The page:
As A Humorist
Not long ago, about the time a party of Americans were setting out for
India to hunt the tiger, a young banker from New York came to
California to hunt what he rightly considered the nobler beast.
He chartered a small steamer in San Francisco Bay and taking with him
a party of friends, as well as a great-grandson of Daniel Boone, a
famous hunter, for a guide, he sailed up the coast to the redwood
s of Humboldt. Here he camped on the bank of a small stream
in a madrona thicket and began to hunt for his bear. He found his
bear, an old female with young cubs. As Boone was naturally in advance
when the beast was suddenly stumbled upon, he had to do the fighting,
and this gave the banker from the States a chance to scramble up a
small madrona. Of course he dropped his gun. They always do drop
their guns, by some singularly sad combination of accidents, when they
start up a tree with two rows of big teeth in the rear, and it is
hardly fair to expect the young bear-hunter from New York to prove an
exception. Poor Boone was severely maltreated by the savage old mother
grizzly in defense of her young. There was a crashing of brush and a
crushing of bones, and then all was still.
Suddenly the bear seemed to remember that there was a second party who
had been in earnest search for a bear, and looking back down the trail
and up in the boughs of a small tree, she saw a pair of boots. She
left poor Boone senseless on the ground and went for those boots.
Coming forward, she reared up under the tree and began to claw for the
capitalist. He told me that she seemed to him, as she stood there, to
be about fifty feet high. Then she laid hold of the tree.
Fortunately this madrona tree is of a hard and unyielding nature, and
with all her strength she could neither break nor bend it. But she
kept thrusting up her long nose and longer claws, laying hold first of
his boots, which she pulled off, one after the other, with her teeth,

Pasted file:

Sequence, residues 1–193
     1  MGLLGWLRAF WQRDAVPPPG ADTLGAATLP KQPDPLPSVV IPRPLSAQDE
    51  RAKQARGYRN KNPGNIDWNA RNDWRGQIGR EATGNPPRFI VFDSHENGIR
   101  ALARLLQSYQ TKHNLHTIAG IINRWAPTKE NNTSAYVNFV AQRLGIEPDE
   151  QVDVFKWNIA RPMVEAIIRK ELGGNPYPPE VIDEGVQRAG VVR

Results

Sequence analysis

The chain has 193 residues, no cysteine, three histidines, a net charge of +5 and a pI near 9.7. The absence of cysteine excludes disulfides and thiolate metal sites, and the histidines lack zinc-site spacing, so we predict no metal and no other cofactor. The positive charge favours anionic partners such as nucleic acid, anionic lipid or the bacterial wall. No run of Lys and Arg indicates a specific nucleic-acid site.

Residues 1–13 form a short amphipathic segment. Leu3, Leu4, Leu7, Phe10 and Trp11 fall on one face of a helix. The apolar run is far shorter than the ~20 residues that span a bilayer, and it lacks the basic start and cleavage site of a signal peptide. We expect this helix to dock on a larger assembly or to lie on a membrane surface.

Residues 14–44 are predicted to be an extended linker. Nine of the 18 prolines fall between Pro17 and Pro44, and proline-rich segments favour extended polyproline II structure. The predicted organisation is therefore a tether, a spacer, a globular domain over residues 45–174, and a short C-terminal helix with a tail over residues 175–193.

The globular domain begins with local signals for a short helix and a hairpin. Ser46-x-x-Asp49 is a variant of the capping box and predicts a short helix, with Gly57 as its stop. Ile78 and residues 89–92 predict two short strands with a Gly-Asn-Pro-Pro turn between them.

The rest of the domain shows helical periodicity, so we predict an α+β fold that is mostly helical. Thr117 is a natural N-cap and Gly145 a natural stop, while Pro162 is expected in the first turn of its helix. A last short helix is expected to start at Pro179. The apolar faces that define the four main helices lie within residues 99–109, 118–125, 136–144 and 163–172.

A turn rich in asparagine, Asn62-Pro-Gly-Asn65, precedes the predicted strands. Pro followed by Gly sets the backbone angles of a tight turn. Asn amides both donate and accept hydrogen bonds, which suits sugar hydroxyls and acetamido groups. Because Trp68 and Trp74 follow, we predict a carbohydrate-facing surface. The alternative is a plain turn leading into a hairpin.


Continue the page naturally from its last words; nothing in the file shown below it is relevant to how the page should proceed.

then with her claws she took hold of one garment and then another till
the man of money had hardly a shred, and his legs were streaming with
blood. Fearing that he should faint from loss of blood, he lashed
himself to the small trunk of the tree by his belt and then began to
scream with all his might for his friends.
When the bear became weary of clawing up at the dangling legs she went
back and began to turn poor Boone over to see if he showed any signs
of life. Then she came back and again clawed a while at the screaming
man up the madrona tree. It was great fun for the bear!
To cut a thrilling story short, the party in camp on the other side of
the creek finally came in hail, when the old bear gathered up her
babies and made safe exit up a gulch. Boone, now in Arizona, was so
badly crushed and bitten that his life was long despaired of, but he
finally got well. The bear, he informed me, showed no disposition to
eat him while turning him over and tapping him with her foot and
thrusting her nose into his bleeding face to see if he still breathed.
Story after story of this character could be told to prove that the
grizzly at home is not entirely brutal and savage; but rather a
good-natured lover of his family and fond of his sly joke.